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From its magnificent beaches to the warm, lively spirit of its resident Cariocas, Rio de Janeiro offers travelers plenty of things to fall in love with. Though more expensive than many locations in South America, with lots of luxury to be found, Rio nonetheless has an abundance of options for budget travelers and maintains itself as a must-visit location for backpackers. Beaches, mountains, urban life, favelas, adventure activities, nightlife, cultural centers, and important history can all be found in this notorious city on the shores of the Atlantic Ocean. Though many travelers leave Rio having only seen the famous beach neighborhoods of Ipanema and Copacabana, the rest of the city offers plenty to do and see away from the tumult and tourist traps.
The center of Rio, which separates Zona Norte and Zona Sul, is home to historic buildings and the business district of the city. The best museums are in this area, along with plenty of bars, theaters, and markets. The Teatro Municipal, overlooking Praca Floriano, is one of the most beautiful buildings in Rio. Also around the plaza is an open-air music market, Rua Pedro Lessa. The Museu Nacional de Belas Artes, Rio’s fine art museum, is right down the street on Av. Rio Branco. Also in the area are some of Rio’s nicest churches, both old, as with the Convento de San Antonio, and new, as with the super-modern Catedral Metropolitana.
Several companies now offer tours to Rio’s favelas, shanty towns, though there are valid concerns about exploitation and sensationalism on these kinds of trips. If you’re interested, try to go with a company that donates some profits to support the favelas you visit.
The Zona Sul is home to all the famous beaches and most places you will most likely find yourself as a tourist in Rio. Ipanema and Leblon are where the wealthy Cariocas hang out and have cleaner, nicer beaches than neighboring Copacabana. Really just one long beach, postos divide the area into sections, and all cross-sections of society have their own turf. Posto 9 is home to the sexy, the wealthy, and the famous, as well as the old hippies and artists who originally congregated the area in the 60’s. The population of posto 8, right next door, is made up of mainly favela kids. If you are into the beach for surfing instead of people-watching, Arpoador, in-between Ipanema and Copacabana, is the most popular spot, though better waves can be found further up in areas like Barra.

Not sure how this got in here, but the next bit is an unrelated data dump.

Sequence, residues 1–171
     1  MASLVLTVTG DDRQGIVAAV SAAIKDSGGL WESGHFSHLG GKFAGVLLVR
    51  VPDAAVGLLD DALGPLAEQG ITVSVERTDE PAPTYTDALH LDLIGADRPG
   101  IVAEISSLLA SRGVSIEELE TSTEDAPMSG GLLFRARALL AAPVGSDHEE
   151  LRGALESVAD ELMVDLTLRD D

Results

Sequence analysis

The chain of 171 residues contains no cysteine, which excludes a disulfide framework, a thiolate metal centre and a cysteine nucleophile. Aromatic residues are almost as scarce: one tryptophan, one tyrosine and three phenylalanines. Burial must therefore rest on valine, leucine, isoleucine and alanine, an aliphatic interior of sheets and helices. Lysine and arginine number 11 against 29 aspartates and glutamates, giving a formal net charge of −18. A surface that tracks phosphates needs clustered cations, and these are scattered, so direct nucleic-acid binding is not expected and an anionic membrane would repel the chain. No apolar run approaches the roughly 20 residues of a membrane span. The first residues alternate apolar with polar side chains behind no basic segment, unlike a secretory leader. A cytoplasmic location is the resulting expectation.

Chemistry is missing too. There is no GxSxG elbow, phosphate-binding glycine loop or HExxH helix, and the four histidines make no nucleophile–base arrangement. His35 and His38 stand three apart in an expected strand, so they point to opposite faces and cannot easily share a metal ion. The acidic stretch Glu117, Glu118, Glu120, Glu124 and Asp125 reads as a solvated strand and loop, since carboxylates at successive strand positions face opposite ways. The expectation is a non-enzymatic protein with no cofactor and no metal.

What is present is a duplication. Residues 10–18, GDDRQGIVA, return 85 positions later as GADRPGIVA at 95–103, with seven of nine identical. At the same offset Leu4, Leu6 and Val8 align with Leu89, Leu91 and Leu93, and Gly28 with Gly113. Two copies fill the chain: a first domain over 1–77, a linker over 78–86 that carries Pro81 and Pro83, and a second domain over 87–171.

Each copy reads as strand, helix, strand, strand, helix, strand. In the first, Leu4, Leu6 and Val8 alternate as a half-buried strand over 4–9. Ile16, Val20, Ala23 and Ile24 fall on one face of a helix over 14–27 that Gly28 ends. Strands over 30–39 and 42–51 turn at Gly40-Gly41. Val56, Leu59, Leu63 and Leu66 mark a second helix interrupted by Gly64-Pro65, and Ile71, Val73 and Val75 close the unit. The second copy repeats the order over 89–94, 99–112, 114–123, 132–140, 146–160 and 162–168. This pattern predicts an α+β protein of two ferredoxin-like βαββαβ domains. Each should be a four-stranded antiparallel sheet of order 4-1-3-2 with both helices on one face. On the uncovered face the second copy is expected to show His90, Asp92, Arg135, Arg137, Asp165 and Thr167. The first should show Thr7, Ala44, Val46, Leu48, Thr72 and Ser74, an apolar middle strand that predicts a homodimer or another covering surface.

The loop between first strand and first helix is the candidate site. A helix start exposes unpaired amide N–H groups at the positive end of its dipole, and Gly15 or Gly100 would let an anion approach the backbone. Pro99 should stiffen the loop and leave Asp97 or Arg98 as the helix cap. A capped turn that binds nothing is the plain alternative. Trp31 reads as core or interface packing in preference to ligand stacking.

Though a very cosmopolitan city, Rio’s outdoor and adventure travel opportunities are not limited to the shoreline. Vacationers looking for some land-based activity can rent bikes and traverse the city’s 46 miles of bike paths. Further into nature, nearby national parks offer hiking opportunities, though getting a guide is advisable. For a greater adrenaline rush, over 350 documented rock climbs can be found within an hour’s drive from the city.
And then of course there is soccer. For those looking to play, pick-up games can be found in almost any local park, but those looking to watch should head over to the Maracana, Rio’s most famous stadium and home to some of the most exciting games in the world. Games take place year-round on any day of the week, but if you go it alone your safest bet is to get seats on the lowest level in the cadeiras (chairs).
Of course no article on Rio would be complete without a mention of Carnaval. Rio is the world capital for Carnaval celebrations, and for 5 days every year masses of travelers flock to the city to drink, party, and revel. With parades, dancing, costumes, and debauchery in all its finest forms, nothing is off-limits or unheard of. If you’re in for a party but can’t make it to Carnaval, New Year’s is another great opportunity to enjoy all the temptations Rio has to offer.
There are plenty of hostels in Rio for every budget, and for the majority of the year they are very inexpensive, offering great accommodation that allows you to meet other backpackers to go out and enjoy your travels with. During Carnaval and New Years prices are hiked up considerably, but are still much cheaper than any other accommodation option. If you’re seriously on a budget and looking for the lowest prices, you should consider coming at the beginning or end of summer, when the weather is beach-worthy but the prices aren’t in high-season mode. Of course it means skipping all the best festivals, so you’ll have to weigh the costs and benefits for yourself.
With all the wonderful things to see and do, Rio should be a destination on every backpacker’s list, but not without a word of caution. Rio has gotten a bad rap for being extremely dangerous, with rampant violence and thievery. Like most cities with bad reputations, it rarely feels as dangerous on the streets as it sounds in the books, but there are tons of scary stories of thefts and hold-ups and every vacationer should take precautions. Don’t wear jewelry or expensive watches out, don’t carry a lot of cash at once, and definitely don’t carry your passport around. If you are female, try to always be out at night in a group and stick to well-lit and populated areas after dark. If you take some basic measures to ensure your security, nothing will get in the way of having the time of your life.